Improve Student Engagement during Writing Lessons

I’ve seen a lot of teachers ask “How do I make writing more engaging?” 📝 Writing takes a lot of work which makes it a pain point for many students. For teachers, writing instruction is a delicate balance of guidance and feedback. Here are some simple ways to improve student engagement during writing lessons.

My top advice: don’t overthink it. And here’s a couple other tips, too…

Write, Type and then Write some more

Make sure your students write (or type…a balance of both is ideal) every single day. While getting pencil to paper is absolutely crucial, don’t be afraid to include opportunities for typing. Typed assignments can be more motivating for some learners and allow another medium to share writing and provide immediate feedback. 

How will they share their writing with you? Iron out your routines for how you will provide feedback and manage conferences with students to provide 1:1 support. If students write in journals, how often will you review them? If they are using a computer program, how will you hold them accountable? These are all things to consider as you set up your writing procedures.

How will you provide feedback?  Guiding students in setting their own writing goals helps with building confidence. Giving specific, constructive feedback is crucial in helping students improve. Keep it simple and focus on one thing at a time. Resist the urge to get out the red pen and correct every single error. Instead, try to let go of “perfection” and value the small steps of progress. I let a lot of the spelling and conventions go to the wayside while we focus on the content of our writing first.

With these free writing prompts, a space for teacher feedback is included directly on the page making it easy to jot down some notes for each student!
Embedding writing into other subjects is a great informal way to see if students are applying conventions and strategies in different contexts. It also helps students understand that writing is not an isolated subject area. Writing is a form of communication that is required of scientists, mathematicians ect. 
Make it a goal to have your students write with pencil and paper daily. That doesn’t necessarily require them handing in a writing piece every day. It can be journal writing, responding to a math writing prompt, working on a nonfiction book, responding to reading ect. Don’t feel bad if they are doing a lot of typing! Typing is a crucial skill that will serve them well to master. 

Provide Authentic Opportunities

Provide authentic opportunities for writing. This means providing an audience beyond your classroom.

  • Pen pals: My eyes swelled up as my students ripped open the envelopes to read their first pen pal letters. It was the ultimate teacher moment! Try asking around in teacher FB groups to connect with someone in a different state to write to. It is SO worth it!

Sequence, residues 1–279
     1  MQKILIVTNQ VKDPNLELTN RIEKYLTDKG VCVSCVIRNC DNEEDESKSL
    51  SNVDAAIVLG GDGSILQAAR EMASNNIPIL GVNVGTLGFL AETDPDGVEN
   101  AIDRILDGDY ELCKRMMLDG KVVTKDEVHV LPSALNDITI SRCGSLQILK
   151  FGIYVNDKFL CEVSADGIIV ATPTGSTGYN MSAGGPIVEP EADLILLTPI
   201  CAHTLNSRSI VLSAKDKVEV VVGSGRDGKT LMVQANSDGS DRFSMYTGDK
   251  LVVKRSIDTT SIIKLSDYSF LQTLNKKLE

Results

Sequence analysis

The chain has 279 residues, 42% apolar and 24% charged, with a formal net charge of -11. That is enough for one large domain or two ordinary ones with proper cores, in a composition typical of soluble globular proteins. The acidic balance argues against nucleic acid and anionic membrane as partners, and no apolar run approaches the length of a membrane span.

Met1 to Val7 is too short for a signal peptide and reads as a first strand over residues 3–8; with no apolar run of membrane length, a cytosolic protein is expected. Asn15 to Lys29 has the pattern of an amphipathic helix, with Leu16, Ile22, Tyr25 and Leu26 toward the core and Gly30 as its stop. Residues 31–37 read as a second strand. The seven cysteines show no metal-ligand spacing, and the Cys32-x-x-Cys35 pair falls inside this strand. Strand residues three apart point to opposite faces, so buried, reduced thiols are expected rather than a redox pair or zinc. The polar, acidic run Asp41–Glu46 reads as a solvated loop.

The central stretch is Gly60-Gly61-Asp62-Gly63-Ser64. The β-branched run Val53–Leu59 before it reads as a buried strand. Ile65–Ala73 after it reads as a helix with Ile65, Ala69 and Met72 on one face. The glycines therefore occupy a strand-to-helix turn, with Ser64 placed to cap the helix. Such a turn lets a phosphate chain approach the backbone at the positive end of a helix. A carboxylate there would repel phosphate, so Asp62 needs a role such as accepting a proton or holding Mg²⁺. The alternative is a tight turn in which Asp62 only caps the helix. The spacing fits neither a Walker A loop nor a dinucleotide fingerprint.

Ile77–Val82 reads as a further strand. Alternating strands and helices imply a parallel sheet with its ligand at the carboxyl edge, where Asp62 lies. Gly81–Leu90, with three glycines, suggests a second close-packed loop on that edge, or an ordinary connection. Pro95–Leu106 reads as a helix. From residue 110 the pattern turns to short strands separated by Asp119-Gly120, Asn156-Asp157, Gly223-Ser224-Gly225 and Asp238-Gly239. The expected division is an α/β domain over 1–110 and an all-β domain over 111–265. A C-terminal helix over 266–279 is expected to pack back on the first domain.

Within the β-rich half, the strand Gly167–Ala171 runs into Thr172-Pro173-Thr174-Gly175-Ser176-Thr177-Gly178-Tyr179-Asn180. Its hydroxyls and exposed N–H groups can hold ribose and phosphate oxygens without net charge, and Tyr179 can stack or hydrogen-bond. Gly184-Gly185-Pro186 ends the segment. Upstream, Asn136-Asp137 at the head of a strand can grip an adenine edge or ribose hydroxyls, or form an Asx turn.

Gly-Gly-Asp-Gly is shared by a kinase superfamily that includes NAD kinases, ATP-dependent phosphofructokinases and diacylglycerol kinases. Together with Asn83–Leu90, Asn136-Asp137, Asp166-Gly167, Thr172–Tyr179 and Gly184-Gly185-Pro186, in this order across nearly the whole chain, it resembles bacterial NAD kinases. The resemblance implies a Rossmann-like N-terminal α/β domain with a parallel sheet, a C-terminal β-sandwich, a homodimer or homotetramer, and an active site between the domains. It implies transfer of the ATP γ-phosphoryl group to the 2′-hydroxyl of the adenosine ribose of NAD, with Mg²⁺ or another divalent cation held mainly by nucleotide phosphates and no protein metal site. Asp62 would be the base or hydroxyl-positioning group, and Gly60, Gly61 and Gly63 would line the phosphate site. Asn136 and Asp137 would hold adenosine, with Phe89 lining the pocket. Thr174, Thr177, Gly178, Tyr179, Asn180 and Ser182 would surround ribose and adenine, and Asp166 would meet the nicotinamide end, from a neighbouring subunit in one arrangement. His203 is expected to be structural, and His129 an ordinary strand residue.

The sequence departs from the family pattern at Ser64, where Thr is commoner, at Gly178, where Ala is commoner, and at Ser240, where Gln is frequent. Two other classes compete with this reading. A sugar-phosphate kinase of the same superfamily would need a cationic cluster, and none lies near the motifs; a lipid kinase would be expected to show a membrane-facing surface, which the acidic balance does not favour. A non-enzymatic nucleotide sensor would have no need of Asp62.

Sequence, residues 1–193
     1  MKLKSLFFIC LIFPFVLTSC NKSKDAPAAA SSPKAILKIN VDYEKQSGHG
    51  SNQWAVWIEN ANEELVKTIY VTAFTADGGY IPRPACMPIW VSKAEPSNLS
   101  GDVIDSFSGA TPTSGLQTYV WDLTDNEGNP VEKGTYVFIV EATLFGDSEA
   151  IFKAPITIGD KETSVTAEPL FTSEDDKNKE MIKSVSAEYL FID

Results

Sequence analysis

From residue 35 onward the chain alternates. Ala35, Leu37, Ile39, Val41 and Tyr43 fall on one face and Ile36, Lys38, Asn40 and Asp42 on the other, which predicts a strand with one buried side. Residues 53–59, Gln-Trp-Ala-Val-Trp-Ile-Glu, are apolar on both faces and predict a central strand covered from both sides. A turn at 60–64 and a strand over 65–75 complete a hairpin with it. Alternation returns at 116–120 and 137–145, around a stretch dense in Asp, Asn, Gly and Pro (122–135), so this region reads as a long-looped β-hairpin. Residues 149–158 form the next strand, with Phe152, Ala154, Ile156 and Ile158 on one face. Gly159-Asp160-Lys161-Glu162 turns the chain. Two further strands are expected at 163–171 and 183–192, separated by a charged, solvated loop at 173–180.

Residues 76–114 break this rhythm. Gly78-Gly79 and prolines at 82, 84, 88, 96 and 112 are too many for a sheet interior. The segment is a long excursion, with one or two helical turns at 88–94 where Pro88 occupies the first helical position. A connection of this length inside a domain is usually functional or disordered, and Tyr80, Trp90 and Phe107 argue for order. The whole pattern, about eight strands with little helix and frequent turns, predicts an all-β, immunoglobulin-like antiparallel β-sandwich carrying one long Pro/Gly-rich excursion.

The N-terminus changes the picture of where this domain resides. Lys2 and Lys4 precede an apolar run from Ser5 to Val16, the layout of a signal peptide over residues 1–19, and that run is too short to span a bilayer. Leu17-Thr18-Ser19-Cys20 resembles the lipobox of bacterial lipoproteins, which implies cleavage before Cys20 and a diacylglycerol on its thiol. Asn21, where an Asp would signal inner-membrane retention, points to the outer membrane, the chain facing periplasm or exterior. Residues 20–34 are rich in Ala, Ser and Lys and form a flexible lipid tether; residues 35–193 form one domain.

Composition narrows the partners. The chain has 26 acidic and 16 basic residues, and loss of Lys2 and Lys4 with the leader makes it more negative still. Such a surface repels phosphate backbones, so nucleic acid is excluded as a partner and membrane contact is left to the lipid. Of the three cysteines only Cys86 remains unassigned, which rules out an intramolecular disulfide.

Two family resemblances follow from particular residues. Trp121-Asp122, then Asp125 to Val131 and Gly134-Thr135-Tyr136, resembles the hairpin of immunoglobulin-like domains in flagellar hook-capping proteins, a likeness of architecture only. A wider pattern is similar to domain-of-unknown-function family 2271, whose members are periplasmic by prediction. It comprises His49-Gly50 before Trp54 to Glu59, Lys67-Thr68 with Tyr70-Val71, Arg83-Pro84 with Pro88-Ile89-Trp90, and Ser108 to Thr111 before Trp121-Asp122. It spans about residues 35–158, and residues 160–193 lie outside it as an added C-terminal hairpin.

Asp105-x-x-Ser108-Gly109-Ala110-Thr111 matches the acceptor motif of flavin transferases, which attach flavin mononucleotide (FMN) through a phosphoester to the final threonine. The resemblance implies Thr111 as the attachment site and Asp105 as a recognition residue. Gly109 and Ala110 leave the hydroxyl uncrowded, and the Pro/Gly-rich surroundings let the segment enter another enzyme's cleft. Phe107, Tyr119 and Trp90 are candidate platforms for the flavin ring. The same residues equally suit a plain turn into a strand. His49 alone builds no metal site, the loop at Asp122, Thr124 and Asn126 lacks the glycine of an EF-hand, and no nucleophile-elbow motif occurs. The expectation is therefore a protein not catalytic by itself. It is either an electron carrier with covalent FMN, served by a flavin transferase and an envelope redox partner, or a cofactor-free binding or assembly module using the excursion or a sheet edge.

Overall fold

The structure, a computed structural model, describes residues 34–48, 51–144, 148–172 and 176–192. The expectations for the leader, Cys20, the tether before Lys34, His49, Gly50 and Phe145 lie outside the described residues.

• Have students record themselves reading their writing to share with another teacher or staff member in your building.
  • Create a class or school newspaper. This would be a great way to collaborate across grade levels.
  • Write a letter or email to an organization.
  • Brainstorm a list of helpful people in your school or community. Write an email or letter thanking people for their hard work.
  • Invite another class to come listen to your students’ published writing pieces!

Keep it short

Keep lessons short. Writing lessons should always be brief and to the point. This was always tough for me until I started supplementing with writing videos from @teachingwithoutfrills (Check out Hillary’s YouTube page).

  • Read your mentor text during another part of your day or record it to be watched beforehand. Refer back to a specific section or page that connects with your lesson.
I use Loom or Screencast-o-Matic to record asynchronous teaching. Here I am reading “The Wonkey Donkey” 😂
  • DO NOT model writing an entire writing piece. Write a sentence, page or small section. Focus in on how you are incorporating the skill.
  • Set a timer for yourself during your mini-lesson to ensure you don’t go over. Less is more!
  • Write 1 sentence for the goal of your mini-lesson. Repeat it in the beginning, middle and end of your lesson to stay on track.

Give them feedback

Provide timely feedback and encourage revisiting previous writing pieces for editing and revision. These monthly digital writing journals on Google Slides has features to support independent writing virtually. I’ve also included a space to provide feedback directly on the page. Whether the feedback is written or verbal, it should be timely and concise.

Each prompt includes a writing checklist and a tool to support getting started such as sentence starters, ideas to brainstorm or a word bank.
Model giving feedback to students and practice how students can give feedback to one another. I love this lesson Hillary from @teachingwithoutfrills did with her kindergarteners.
Grab SIX free Writing Journal prompts (digital & printable) for free, click here or on the picture:
With a consistent plan and quality texts to reference, you can and will experience success with your writing lessons. Whatever you do, don’t avoid teaching writing because it feels intimidating. It’s not going to be perfect. But, kids need opportunities to write no matter what it looks like. You are doing better than you realize!
Need help with setting up a writing center? Check out this blog post!
Stay safe and sassy,
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